4-8. (canceled)
9. A fusing unit in an image forming device, comprising:
a heatable fusing surface component;
a pressure applying component that cooperates with the heatable fusing surface component to form a fusing nip for fusing marking material on an image receiving media substrate; and
at least one external heat roll that is provided and positioned such that an external surface of the heat roll contacts an external surface of the heatable fusing surface component,
the at least one external heat roll having:
a heated roll body formed at least in part of a material having a high thermal conductivity and configured to be rotatable around a center longitudinal axis; and
a low surface energy surface on an outer surface of the heated roll body, the low surface energy surface comprising:
a coarse surface component formed of an anodized material that presents contact peaks and associated valleys; and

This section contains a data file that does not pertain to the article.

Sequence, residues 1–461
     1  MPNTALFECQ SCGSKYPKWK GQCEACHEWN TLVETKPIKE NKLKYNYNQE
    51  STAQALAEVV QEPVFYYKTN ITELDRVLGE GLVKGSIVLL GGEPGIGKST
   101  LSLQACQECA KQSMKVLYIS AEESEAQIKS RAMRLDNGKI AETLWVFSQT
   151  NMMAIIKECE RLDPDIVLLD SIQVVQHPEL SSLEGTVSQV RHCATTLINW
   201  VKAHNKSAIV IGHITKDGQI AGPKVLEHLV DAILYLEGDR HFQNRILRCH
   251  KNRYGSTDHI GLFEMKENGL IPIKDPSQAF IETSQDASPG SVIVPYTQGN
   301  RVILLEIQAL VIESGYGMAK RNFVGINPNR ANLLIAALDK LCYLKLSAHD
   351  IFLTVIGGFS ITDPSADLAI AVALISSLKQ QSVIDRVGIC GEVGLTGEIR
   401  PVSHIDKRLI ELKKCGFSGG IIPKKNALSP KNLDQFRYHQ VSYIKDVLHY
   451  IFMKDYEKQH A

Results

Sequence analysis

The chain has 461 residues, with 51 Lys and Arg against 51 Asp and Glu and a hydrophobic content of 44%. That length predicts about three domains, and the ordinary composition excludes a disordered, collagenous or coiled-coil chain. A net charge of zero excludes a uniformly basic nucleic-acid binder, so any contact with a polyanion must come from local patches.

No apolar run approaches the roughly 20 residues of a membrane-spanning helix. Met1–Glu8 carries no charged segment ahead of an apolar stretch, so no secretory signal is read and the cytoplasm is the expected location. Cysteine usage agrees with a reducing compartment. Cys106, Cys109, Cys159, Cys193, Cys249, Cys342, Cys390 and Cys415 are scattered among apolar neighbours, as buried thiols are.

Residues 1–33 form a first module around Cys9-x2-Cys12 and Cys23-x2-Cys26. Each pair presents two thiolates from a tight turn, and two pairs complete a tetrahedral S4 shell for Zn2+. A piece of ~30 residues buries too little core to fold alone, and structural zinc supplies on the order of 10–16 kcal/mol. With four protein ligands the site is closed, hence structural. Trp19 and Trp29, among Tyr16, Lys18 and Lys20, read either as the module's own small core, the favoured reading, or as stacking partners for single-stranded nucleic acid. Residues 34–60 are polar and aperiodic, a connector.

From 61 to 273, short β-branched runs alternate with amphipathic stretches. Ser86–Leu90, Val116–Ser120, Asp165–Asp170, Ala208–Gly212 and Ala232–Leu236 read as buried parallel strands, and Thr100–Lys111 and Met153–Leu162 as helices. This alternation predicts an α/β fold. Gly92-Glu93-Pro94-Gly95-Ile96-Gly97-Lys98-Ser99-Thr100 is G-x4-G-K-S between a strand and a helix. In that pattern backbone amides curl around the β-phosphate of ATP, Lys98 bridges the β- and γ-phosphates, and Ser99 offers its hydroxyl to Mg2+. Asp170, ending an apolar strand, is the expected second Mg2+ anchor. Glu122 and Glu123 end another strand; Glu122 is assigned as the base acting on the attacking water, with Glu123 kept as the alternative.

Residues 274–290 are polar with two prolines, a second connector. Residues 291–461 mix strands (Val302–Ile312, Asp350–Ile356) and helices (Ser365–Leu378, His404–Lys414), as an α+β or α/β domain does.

a low surface energy material component that only partially fills or lines the associated valleys,
an average surface energy of the low surface energy surface being in a range of 25 mN/m or less.
10. The fusing unit of claim 9, further comprising a web cleaning system configured to provide a cleaning web in contact with the at least one external heat roll to clean a surface of the at least one external heat roll.
11. The fusing unit of claim 9, further comprising an oiler unit for conditioning the external surface of the heatable fusing surface component.
12. The fusing unit of claim 9, the low surface energy surface being an outer surface layer coating over a longitudinal surface of the heated roll body.
13. The fusing unit of claim 9, the heated roll body having a multi-layer construction consisting of two layers of substantially a same thickness, the two layers comprising:
an inner layer formed of a high thermal conductivity material; and
an outer layer comprising the low surface energy surface.
14. The fusing unit of claim 9, the heated roll body being heated by at least one internal heating component.
15. The fusing unit of claim 9, the heated roll body being heated by at least one external heating component.
16-20. (canceled)